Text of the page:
All of this being said, when faced with the system we have today, it is always easier to put a band-aid on the issue and try to relieve it as quickly as we can.  I think it is important that these women be helped in whatever way possible, and the cell phones are one way to start, but we cannot keep reverting to only considering these issues on the surface.  I admire Dr. Murphy for her work in trying to alleviate the troubles of these women, and make at least some impact which she commendably has, but I think it is necessary that we start to have these difficult conversations and not just ignore them because it seems too impractical.  If we really want to make peoples’ lives better, we must consider all people when doing so and understand how the dominant Western, white culture has been internalized all over the world as being superior and realize the ramifications of such.


3 responses to “Who are We Empowering and in What Way?

  • marionrorke

    While I agree with many of the points you make here, I think that you forget the fact that some people are genuinely trying to help in the only ways that they can. Yes, the use of production in China for Toms shoes is surprising to me in relation to the impact they are trying to make, but if you remove that from the equation, the founder is simply trying to bring the resources he has to help in some way. Although they are not the most sturdy shoes, they could still provide a lot of benefits for example, to children who have to walk miles to get to school on rugged terrain. Or, another example would be those who have to walk very far just for water, as was shown in Dr. Murphy’s presentation. The topic of “Teach for America” I find very controversial. There certainly are some people who view it only as a resume builder, but at the same time, a lot of them truly do benefit the community, and frequently are not stealing jobs but rather supporting a community that does not sufficient amounts of staff. Plenty of people really do enjoy what they are doing, and while they may not have the most lengthly training on education, they are doing their best. Additionally, being only slightly older than some of the students may not always be a bad thing. Many students can relate better to someone closer to their age, and even become inspired to do community-building work of their own. While I have many issues with the way that the Western world has molded society globally, not everything that comes from smaller organizations trying to help is a bad thing. Though many people could care less, tons of people are doing what they can with the resources and knowledge that they have to change societal problems. This does not always have to be negative.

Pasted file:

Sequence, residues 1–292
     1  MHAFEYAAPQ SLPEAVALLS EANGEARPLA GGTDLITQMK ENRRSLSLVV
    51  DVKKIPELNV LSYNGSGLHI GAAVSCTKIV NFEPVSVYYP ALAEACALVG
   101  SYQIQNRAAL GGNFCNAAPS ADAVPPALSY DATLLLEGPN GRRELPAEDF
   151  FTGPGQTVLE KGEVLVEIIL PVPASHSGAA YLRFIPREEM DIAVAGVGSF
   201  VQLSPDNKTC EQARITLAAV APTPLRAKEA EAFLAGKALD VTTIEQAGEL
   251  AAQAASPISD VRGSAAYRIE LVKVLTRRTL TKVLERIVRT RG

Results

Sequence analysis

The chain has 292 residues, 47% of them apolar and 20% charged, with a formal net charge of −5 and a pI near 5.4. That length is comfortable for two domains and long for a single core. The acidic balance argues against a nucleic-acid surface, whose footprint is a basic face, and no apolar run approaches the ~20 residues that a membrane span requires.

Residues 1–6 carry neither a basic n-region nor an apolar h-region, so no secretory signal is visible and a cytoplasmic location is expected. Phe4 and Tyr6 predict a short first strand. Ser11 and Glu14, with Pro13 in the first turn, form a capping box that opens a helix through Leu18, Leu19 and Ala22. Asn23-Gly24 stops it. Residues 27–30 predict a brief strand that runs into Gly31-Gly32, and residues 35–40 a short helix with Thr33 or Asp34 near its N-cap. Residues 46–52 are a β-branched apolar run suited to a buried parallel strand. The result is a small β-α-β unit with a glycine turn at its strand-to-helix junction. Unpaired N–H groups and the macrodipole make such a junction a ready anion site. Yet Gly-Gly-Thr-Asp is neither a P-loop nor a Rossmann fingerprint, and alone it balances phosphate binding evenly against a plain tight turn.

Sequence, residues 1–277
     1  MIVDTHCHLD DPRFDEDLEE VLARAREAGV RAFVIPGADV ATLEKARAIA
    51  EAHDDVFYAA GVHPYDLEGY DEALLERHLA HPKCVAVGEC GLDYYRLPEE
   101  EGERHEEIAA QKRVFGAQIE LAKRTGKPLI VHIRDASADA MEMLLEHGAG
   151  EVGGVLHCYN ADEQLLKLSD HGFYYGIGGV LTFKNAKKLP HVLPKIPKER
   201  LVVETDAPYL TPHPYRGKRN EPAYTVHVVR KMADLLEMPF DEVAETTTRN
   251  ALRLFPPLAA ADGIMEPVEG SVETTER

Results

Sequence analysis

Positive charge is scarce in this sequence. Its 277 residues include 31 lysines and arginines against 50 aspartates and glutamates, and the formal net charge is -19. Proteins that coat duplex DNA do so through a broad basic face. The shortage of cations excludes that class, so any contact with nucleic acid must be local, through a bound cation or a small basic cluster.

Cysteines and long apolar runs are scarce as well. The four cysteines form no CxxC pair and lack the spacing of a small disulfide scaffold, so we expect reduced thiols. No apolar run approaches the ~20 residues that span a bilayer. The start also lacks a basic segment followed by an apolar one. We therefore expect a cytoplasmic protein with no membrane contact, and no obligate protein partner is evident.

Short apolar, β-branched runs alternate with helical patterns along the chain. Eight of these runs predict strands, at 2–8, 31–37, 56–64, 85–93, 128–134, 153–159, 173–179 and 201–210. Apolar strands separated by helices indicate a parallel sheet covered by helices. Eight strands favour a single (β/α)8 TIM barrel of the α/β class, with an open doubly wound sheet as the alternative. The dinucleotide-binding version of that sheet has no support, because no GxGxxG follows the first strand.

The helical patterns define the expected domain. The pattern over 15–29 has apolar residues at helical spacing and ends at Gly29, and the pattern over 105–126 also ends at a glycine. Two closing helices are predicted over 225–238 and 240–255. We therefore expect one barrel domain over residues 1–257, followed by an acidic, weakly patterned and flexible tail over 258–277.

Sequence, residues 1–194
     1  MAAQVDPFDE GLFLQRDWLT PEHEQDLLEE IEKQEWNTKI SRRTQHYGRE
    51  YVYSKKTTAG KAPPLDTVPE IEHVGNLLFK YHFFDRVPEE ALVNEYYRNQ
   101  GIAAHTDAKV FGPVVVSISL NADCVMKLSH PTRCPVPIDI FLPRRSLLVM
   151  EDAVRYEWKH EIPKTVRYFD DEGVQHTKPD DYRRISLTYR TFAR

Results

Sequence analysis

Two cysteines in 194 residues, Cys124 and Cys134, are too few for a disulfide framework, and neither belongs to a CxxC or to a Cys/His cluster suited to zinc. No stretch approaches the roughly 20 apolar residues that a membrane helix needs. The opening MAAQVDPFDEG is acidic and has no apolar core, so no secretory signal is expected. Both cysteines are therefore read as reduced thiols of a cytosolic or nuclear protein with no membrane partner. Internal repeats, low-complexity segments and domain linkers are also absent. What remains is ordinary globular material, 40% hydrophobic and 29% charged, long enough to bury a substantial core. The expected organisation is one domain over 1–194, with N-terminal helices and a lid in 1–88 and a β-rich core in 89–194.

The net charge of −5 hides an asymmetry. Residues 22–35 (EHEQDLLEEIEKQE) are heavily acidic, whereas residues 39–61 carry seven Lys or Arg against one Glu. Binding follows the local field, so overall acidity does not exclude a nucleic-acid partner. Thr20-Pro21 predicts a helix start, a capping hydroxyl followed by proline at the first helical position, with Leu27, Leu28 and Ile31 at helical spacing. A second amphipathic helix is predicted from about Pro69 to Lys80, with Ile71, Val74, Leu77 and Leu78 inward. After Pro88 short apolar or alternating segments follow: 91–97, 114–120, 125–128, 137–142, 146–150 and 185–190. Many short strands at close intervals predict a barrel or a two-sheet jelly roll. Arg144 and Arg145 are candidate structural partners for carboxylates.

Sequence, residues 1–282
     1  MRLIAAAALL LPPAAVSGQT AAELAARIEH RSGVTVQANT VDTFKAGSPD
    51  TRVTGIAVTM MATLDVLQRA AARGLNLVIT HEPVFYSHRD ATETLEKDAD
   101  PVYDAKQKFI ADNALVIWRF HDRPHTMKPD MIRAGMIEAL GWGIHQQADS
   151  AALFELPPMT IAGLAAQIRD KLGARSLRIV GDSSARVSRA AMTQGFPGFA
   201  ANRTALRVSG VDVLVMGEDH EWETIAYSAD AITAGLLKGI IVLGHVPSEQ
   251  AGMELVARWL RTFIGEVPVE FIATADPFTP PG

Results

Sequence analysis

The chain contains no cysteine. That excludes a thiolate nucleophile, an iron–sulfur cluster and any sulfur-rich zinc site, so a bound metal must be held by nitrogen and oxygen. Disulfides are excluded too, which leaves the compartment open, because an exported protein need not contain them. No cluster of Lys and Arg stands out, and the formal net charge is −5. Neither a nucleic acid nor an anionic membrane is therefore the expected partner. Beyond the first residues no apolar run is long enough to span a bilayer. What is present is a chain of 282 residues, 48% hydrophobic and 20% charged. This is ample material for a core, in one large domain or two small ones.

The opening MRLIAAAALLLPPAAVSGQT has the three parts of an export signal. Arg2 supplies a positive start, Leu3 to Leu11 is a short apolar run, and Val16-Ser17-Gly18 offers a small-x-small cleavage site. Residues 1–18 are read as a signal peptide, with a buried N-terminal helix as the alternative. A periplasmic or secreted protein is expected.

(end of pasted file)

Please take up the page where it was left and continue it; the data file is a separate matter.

• Scott Hurtgen

    Another controversy that has been brought up about Toms Shoes is the fact that it dilutes the local economy. I have read a few articles about how giving shoes to locals can force local shoe-makers out of business in the town where the program is located because people get free shoes and no longer need to buy them. This issue could also be fixed by Toms Shoes moving its production into the area it serves. It could give the community it gives shoes out to, the job of creating those shoes – that way the community would feel empowered because they will directly reap the reward of their work.

  • paigewolff

    Scott, I think you make a great point. Every time I see those $60 shoes, I can’t help but think how far each $30 could go in the local economies that the company is attempting to support. Beyond that, it would be more environmentally sound than shipping shoes across continents. That said, Marion, I also see where you’re coming from. I, too, am sure that the founder created this company with altruistic intentions. Lauren, are you familiar with the conditions of the workers in the TOMS shoe factories? It seems to me that the quality of TOMS shoes are relatively low and that there are only a few basic materials that go into their production. I certainly don’t see how they could be worth $30 without the consideration of compensation for the assemblers.
    Switching gears, TFA certainly has its flaws but I don’t think you should be so quick to assert that it’s a malignant organization. The reason that TFA was started is that there were not, and to this day ARE not, enough good teachers to meet the demands of the student population. I know you’ve been very active in several local schools & I’m sure you’ve seen that a teaching degree does not MAKE a person a good teacher. There’s a lot to be said for receiving a high-quality education, which many TFA teachers have, but many “traditional” teachers working in underserved schools have not. Beyond that, I’m not sure how familiar you are with the TFA program but all of the cohort members are required to earn a teaching degree within the 2 years of their participation in the program. Furthermore, TFA has partnerships with several graduate schools that enable alumni to get a M.Ed for a free or reduced cost; not all of the alum filter out of the world of education.